Toxic Tar Sands Coming to a Community Near You: Profiles From The Front Lines
Many Americans who have never heard of the Alberta tar sands soon will. The tar sands is one of the largest, dirtiest, and most destructive projects on Earth, and is likely coming to a community near you. The oil industry is expanding facilities to process toxic tar sands oil in the U.S. through a network of refineries and pipelines. With plans to triple refining and transportation of tar sands by 2015, there is no question that air pollution and health problems in communities from the Great Lakes to the Gulf Coast will increase.
Public health in several U.S. states is already under threat from dramatic increases in refining pollution, and massive pipelines are planned to cross the United States' largest freshwater aquifer, which supplies one-third of U.S. agriculture.
Tar sands crude contains heavy metals, and refining tar sands releases polycyclic aromatic hydrocarbons linked to pre-natal brain damage, and smog and ozone-depleting chemicals and compounds. Exposure to these toxics is linked to asthma, emphysema and other lung diseases. That says nothing of the devastating impacts on air, water, and soil.
With the environmental and health impacts of the tar sands well known, but no sign of an end to the environmental trauma, the Sierra Club's latest report shows the personal side of the impacts of dirty oil in North American communities. Americans and Canadians are worried about Alberta's tar sands expansion poisoning their water, destroying their farmland, and contaminating their air.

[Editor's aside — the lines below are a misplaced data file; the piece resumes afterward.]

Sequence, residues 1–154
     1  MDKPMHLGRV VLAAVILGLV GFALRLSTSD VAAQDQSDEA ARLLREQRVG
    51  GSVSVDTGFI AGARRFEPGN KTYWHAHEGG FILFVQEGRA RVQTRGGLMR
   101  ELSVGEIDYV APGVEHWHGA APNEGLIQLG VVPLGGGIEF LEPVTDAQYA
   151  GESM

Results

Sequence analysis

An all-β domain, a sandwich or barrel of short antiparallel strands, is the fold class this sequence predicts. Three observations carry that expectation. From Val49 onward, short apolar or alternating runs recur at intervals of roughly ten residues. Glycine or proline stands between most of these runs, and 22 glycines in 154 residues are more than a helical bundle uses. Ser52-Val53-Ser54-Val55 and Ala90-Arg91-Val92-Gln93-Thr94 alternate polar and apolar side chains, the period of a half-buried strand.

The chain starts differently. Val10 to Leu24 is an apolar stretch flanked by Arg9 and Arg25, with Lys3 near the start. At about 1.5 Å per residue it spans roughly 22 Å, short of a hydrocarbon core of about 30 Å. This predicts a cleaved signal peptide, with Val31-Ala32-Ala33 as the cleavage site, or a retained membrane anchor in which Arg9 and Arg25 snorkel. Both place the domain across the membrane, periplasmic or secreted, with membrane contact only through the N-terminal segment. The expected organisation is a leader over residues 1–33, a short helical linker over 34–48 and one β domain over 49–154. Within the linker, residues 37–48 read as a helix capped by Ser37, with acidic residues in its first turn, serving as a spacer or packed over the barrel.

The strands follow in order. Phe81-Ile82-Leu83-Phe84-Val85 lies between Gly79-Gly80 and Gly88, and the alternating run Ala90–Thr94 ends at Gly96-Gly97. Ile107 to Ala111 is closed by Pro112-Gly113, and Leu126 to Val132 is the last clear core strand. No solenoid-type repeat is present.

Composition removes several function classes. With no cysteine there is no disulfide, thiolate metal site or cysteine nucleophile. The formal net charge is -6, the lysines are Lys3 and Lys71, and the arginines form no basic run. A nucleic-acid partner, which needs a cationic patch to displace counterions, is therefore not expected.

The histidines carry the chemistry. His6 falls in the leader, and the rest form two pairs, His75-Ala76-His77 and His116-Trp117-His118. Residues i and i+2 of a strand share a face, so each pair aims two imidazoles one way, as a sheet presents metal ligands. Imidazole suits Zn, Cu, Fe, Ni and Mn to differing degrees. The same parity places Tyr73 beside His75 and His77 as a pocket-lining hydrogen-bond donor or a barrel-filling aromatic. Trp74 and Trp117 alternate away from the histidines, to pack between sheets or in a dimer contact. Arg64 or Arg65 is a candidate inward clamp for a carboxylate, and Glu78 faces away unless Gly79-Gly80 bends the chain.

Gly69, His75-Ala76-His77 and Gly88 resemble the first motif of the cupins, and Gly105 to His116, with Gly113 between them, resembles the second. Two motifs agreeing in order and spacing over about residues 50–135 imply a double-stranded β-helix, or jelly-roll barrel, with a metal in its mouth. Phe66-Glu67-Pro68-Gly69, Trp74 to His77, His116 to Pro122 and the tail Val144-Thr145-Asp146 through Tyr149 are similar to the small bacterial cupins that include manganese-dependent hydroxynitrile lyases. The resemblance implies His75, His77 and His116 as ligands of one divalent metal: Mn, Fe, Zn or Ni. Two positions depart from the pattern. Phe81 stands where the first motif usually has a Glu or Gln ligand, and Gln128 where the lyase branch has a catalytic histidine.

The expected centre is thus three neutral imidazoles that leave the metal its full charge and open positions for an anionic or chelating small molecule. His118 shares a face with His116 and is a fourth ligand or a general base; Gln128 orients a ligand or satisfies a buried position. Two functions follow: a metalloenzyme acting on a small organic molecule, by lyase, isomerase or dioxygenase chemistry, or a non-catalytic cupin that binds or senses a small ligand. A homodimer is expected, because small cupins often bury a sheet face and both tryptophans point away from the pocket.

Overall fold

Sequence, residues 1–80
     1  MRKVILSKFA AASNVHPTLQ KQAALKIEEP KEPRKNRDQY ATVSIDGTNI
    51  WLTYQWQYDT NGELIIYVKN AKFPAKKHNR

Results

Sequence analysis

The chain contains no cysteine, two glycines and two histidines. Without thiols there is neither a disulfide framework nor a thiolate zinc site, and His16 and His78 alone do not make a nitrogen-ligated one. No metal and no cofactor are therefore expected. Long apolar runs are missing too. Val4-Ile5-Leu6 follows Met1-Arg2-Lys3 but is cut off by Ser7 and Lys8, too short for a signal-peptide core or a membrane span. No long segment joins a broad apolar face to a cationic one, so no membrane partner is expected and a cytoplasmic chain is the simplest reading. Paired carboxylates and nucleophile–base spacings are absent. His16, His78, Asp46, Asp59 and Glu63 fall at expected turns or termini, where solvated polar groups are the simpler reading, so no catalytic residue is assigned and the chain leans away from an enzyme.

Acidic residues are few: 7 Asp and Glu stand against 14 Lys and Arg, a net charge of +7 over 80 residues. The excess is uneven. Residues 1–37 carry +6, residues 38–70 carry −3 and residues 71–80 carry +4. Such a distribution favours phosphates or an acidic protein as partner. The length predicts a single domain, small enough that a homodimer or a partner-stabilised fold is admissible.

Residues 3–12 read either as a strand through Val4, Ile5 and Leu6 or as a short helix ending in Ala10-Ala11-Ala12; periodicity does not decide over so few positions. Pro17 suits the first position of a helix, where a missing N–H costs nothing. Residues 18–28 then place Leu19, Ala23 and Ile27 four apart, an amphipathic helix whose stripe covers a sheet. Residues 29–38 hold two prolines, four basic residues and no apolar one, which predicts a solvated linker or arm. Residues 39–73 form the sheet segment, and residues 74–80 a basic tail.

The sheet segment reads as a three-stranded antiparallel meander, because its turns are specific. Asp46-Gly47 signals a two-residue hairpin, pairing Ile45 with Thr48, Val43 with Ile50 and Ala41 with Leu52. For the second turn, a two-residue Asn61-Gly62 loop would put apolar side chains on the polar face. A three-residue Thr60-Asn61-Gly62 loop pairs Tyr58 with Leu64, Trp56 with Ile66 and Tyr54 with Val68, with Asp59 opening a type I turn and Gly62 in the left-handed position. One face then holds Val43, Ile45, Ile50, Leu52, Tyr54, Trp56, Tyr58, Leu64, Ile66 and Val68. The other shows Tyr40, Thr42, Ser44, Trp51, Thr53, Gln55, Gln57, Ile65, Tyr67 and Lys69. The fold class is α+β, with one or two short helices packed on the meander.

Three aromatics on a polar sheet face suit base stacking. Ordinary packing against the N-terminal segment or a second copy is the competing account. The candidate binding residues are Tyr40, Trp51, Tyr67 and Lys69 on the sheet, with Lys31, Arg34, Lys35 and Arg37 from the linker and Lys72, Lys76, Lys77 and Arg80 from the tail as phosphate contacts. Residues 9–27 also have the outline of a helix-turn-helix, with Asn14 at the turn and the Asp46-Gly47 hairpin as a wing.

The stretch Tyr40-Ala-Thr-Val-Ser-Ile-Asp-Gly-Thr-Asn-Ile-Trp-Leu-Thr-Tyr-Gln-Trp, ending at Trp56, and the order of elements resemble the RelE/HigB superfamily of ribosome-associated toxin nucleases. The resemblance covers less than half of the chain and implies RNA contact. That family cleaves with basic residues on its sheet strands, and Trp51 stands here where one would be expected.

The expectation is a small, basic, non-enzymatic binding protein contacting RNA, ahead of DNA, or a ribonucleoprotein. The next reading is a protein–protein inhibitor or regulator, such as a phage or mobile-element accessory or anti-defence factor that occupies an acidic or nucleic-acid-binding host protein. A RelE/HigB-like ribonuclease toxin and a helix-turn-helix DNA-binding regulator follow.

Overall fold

The report profiles thirteen people from across North America whose health and livelihoods are at risk as a result of toxic tar sands expansion. For First Nations communities, farmers, homeowners, families, environmentalists, and concerned citizens, this isn't a question of corporate profits, but a question of life and death, health, family, and future generations.
By bringing a personalized story to the implications of tar sands expansion, the report demonstrates that the impacts of Alberta's tar sands are far more broad than the tailings ponds of northern Alberta, and that there are unheard voices decrying efforts to expand tar sands production and extend the world's addiction to dirty oil. The report profiles individuals in Alberta, Michigan, Minnesota, Texas, Indiana, South Dakota, Nebraska and Kansas who will be directly impacted by the Keystone XL pipeline, which would transport 900,000 barrels of oil a day nearly 2,000 miles from Alberta, Canada to U.S. Gulf Coast refineries.
Sierra Club's Director of National Dirty Fuels Campaign Kate Colarulli wants politicians to see that the pipeline is not in our national interest. She also wants them to engage their political representatives and tell them to stop this dangerous project from moving forward.
Rather than investing in a toxic future where the question of oil spills isn't "if" but "when", public health and the environment need not be put at risk to enrich foreign oil companies. Rather than investing in a future where drinking water, air, and farmland are destroyed to import the world’s dirtiest oil, we should be investing in clean energy.
“As our nation’s worst-ever economic recession drags on, creating jobs in the clean energy sector should be priority number one,” said Collarulli. “Building the poisonous Keystone XL pipeline would put the brakes on clean energy, and exacerbate the pollution and public health problems that come with America’s dependence on dirty, dangerous oil.”
Download the full text of the Sierra Club tar sands report [PDF] to learn more about this ill-conceived pipeline plan.